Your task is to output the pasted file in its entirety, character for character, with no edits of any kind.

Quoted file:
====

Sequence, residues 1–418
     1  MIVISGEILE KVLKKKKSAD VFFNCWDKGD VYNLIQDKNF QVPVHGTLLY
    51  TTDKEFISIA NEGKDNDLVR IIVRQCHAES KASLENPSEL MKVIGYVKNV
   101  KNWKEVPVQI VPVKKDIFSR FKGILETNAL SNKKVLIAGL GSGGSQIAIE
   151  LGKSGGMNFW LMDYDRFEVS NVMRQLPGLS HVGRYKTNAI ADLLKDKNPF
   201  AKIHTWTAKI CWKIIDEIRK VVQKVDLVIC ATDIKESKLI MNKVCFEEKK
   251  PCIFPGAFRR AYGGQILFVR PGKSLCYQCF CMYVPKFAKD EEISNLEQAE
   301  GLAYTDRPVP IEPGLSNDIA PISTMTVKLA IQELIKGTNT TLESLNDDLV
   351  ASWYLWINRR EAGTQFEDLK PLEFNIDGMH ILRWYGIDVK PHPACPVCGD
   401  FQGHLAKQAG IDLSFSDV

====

Sequence, residues 1–418
     1  MIVISGEILE KVLKKKKSAD VFFNCWDKGD VYNLIQDKNF QVPVHGTLLY
    51  TTDKEFISIA NEGKDNDLVR IIVRQCHAES KASLENPSEL MKVIGYVKNV
   101  KNWKEVPVQI VPVKKDIFSR FKGILETNAL SNKKVLIAGL GSGGSQIAIE
   151  LGKSGGMNFW LMDYDRFEVS NVMRQLPGLS HVGRYKTNAI ADLLKDKNPF
   201  AKIHTWTAKI CWKIIDEIRK VVQKVDLVIC ATDIKESKLI MNKVCFEEKK
   251  PCIFPGAFRR AYGGQILFVR PGKSLCYQCF CMYVPKFAKD EEISNLEQAE
   301  GLAYTDRPVP IEPGLSNDIA PISTMTVKLA IQELIKGTNT TLESLNDDLV
   351  ASWYLWINRR EAGTQFEDLK PLEFNIDGMH ILRWYGIDVK PHPACPVCGD
   401  FQGHLAKQAG IDLSFSDV